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Jeffrey Katzenberg’s Netflix-meets-YouTube video service raises $1 billion

The Hollywood mogul has secured the capital he needs to launch his digital entertainment startup

Jeffrey Katzenberg’s Netflix-meets-YouTube video service raises $1 billion
[Photo: World Travel & Tourism Council/Wikimedia Commons]

Jeffrey Katzenberg has secured his first $1 billion in financing for his mobile video startup NewTV, which promises to deliver YouTube-length video clips made by A-list talent. Katzenberg, the DreamWorks cofounder and former CEO of DreamWorks Animation, announced NewTV last year as part of his new media company WndrCo, and has been steadily putting the pieces of the company together with characteristically splashy announcements. Earlier this year, former Hewlett Packard CEO Meg Whitman was named NewTV’s CEO.

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The latest investment round, led by media companies like Warner Bros. and Disney, gets NewTV closer to the starting gate, and Katzenberg has been reportedly making the rounds in Hollywood, talking to directors and producers about creating content for the platform. The idea is to create a Netflix-like mobile service loaded with premium, episodic content. According to Bloomberg, each series would cost between $5 million and $6 million per hour. Each episode will be about 15 minutes long.

In essence, Katzenberg is marrying the Netflix and YouTube models in the hopes that viewers will be willing to pay for more polished video content on the go. Imagine being able to see short episodes of a series like Game of Thrones on your phone (an idea that has occurred to AT&T as well).

Almost two decades ago, Katzenberg played with this idea when DreamWorks launched its short-lived, online startup Pop.com, which promised to feature content created by top Hollywood artists like Ron Howard and Katzenberg’s partner at the time, Steven Spielberg. In many ways, Pop.com was ahead of its time, launching more than five years before YouTube and well before widespread broadband and wireless. Today, no such roadblocks exist, and Katzenberg is seizing the opportunity to argue that short-form digital content need not be DIY.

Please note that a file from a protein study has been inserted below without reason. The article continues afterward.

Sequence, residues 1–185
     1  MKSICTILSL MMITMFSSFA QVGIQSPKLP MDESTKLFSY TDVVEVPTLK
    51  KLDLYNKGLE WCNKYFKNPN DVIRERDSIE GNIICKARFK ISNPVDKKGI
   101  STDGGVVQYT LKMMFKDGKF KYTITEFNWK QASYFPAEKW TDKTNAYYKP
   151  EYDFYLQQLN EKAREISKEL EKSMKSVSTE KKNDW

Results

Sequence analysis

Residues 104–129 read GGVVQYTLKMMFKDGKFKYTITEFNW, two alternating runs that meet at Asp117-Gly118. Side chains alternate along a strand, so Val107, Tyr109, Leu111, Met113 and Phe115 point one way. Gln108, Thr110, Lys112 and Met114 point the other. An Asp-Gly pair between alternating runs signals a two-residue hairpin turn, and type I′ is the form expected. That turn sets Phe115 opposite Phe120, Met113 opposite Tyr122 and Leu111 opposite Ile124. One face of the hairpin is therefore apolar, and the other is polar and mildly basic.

Katzenberg is one of the few old-school entertainment moguls who has been able to successfully segue into the digital age—IAC chairman Barry Diller and Otter Media founder Peter Chernin are among the handful of others–and at DWA he made the savvy investment in the YouTube channel AwesomenessTV. Indeed, no one questions his ability to doggedly pursue his vision or his understanding of young audiences.

But there are still many questions surrounding NewTV, such as whether millennials that have been raised on Snapchat, Facebook, and YouTube actually do want highly produced videos—and more importantly, whether they’ll pay for it. YouTube has experimented with this with its subscription service YouTube Premium, but the company has never revealed how big its audience is.

Then there’s the issue of securing talent. Both Snapchat and Facebook have attempted to woo Hollywood players to make content for their platforms and have been met with meh levels of success, in part because of what they’ve been willing to pay (or rather, not pay). Katzenberg is planning on being more generous, but it will still mean convincing directors and actors to take fee cuts.

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The price of a NewTV subscription also remains unknown, as well as where and how it will be distributed.

Then there’s Whitman, an accomplished business leader, but one who has never led an entertainment company nor who has any real experience in the youth market.

But for now, players are lining up to bet on Katzenberg. According to CNN, Katzenberg’s $1 billion war chest was made possible by Disney, 21st Century Fox, Warner Bros., Entertainment One, and other media companies, who collectively invested about $200 million. The rest of the funding has come from institutional investors in the U.S. and China.

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About the author

Nicole LaPorte is an LA-based writer for Fast Company who writes about where technology and entertainment intersect. She previously was a columnist for The New York Times and a staff writer for Newsweek/The Daily Beast and Variety

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